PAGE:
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Part of Yhc


The Yhc Garbage collector is based on the Jonkers collector which is a Mark/Sweep/Compacting collector designed to run on systems with limited memory, for more details of the algorithm in general see:

H. B. M. Jonkers. A fast garbage compaction algorithm. Information Processing Letters, 9(1):25--30, July 1979.

Sadly this paper is a little hard to get hold of now so this page will explain the algorithm in brief and in particular how the Yhc implementation of it works.

This page should serve as a help to anyone wanting to modify the garbage collector, however, my first piece of advice in such an adventure is don't. These pages should give an impression of just how tightly "tied together" the garbage collector is, and how much it depends on to work. It has easily been the most time consuming and bug prone part of writing Yhc, you have been warned :-)

The Jonkers algorithm is divided in 3 phases:

  • Mark: find all the heap nodes that are reachable from the program root.
  • Sweep: go through and calculate the new positions for all the nodes about to be moved and update all the pointers to point to the new positions.
  • Compact: actually move all the heap nodes to their new positions.


Yhc uses a fairly standard Yhc/RTS/PointerReversal mark phase to find all the heap nodes that are reachable from the program roots (and thus are still alive).

One thing of interest is that Yhc uses a seperate table of mark bits rather than having the mark bit as a field of each heap node. This is described in Yhc/RTS/Machine.

The program roots for Yhc are:

 - For each process stack (see Yhc/RTS/Machine):
      - The stack itself (stacks are heap nodes).
      - All the entries in the stack that are 'stack data' (i.e. not stack frames).       
      - For each stack frame the vapptr pointer.
 - For each heap global (see Yhc/RTS/Primitive):
      - The contents of the global pointer.
 - For each FInfo node which is reachable from the heap:
      - All the references to heap nodes in the constant table of the FInfo.

The most complicated part is the FInfos. FInfos have constant-tables which contain references to heap nodes and references to other FInfos that the function might call (see Yhc/RTS/Machine).

Thus the constant tables act as another form of program root, however, we only need to save the nodes referenced in a constant table of a FInfo if that FInfo is reachable from some node in the heap. A FInfo is reachable if it is either referenced by a node in the heap or it is referenced from a reachable FInfo.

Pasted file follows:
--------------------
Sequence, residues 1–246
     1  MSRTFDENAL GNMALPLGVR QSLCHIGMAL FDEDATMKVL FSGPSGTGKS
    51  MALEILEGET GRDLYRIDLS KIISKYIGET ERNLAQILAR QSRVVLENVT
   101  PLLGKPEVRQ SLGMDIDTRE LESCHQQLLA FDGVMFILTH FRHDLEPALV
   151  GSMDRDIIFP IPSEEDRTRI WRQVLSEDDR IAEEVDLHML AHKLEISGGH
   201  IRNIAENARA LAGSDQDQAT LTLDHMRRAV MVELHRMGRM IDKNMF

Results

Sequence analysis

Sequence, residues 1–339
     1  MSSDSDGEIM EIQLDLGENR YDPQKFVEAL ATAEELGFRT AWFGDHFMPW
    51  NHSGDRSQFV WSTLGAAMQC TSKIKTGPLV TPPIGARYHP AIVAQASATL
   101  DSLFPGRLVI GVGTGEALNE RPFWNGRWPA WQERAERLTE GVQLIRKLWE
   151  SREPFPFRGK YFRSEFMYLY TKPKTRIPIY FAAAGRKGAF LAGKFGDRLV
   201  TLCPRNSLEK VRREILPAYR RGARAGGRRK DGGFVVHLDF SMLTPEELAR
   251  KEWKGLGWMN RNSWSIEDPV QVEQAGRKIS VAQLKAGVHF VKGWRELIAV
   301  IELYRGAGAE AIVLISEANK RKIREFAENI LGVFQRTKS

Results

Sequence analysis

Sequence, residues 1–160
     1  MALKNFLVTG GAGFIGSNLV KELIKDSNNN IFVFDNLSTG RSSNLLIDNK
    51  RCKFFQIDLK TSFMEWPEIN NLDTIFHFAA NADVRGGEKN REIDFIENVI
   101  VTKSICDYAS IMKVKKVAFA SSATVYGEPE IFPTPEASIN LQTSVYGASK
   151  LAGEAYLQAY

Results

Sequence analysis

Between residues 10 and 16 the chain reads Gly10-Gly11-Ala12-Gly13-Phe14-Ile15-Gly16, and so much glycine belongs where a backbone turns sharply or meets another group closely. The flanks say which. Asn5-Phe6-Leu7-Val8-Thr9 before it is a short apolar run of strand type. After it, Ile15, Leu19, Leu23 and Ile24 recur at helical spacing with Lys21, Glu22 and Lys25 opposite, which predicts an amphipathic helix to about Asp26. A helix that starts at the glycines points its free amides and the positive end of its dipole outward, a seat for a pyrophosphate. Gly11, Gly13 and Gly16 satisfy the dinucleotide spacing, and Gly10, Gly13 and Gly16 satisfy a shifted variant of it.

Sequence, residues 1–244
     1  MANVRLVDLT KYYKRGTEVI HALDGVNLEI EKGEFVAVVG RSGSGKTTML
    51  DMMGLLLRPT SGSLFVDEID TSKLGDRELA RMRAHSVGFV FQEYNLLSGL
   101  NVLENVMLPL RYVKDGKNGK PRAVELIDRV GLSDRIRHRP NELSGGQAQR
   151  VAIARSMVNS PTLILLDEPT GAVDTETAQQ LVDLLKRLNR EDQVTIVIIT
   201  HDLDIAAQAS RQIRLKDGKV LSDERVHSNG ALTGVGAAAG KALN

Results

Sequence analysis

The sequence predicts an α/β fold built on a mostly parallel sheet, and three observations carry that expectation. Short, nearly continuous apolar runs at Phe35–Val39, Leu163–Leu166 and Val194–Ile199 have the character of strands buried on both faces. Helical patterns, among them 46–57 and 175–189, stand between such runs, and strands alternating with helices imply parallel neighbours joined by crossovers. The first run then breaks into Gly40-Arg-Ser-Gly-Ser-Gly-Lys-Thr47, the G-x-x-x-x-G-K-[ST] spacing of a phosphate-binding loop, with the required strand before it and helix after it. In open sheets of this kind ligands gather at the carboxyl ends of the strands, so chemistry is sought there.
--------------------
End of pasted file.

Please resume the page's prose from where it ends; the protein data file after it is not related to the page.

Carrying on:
Thus when a node in the heap is marked, if it is an application to a FInfo then the FInfo is added to end of the list of live FInfos. The first FInfo in this list is stored in the global variable G_firstCaf (the name 'Caf' here is a historical carry over from nhc, it is not only Cafs that are of interest in this process).

The 'link' field in the FInfo (see Yhc/RTS/Machine) is used to link the FInfos in the list together. It also serves as a 'mark bit' for the FInfo; if a FInfo's link field is already set then this FInfo has already been added to the list.

When all the heap nodes reachable from the other (non-FInfo) roots have been marked the FInfo list is traversed. All nodes that are referenced from the constant table are marked and all new FInfos references from the constant table are added to the end of the FInfo list.

Marking the heap is O(L) where L is the number of live objects in the heap.


The Jonkers algorithm is a compacting Mark/Sweep algorithm. This means all the live heap nodes which are fragmented throughout the heap are moved to front of the heap. Compacting the heap in this way has the desirable property that allocation is then simply a case of incrementing the heap pointer.

The sweep phase in the Jonkers algorithm scans linearly through the heap looking for marked (and thus live) heap nodes and calculating what the heap nodes new positions will be.

Because the Jonkers algorithm moves heap nodes all the pointers to a heap node need to be updated with that node's new position. This process is also (partly) done by the sweep phase.

The crucial problem here is given a heap node how do we find all the pointers to that node. In a two-space collector we can replace the heap node with a forwarding pointer to it's new location, and then trace all live nodes from the roots. However we don't have that option in a Mark/Sweep/Compact collector, we can't overwrite the original heap node because we need to remember what value should be copied to the new location.

The problem is the central theme of the Jonkers algorithm and is finessed using a particularly clever trick called 'threading'. The basic principle is to transform a pointer to a node from this: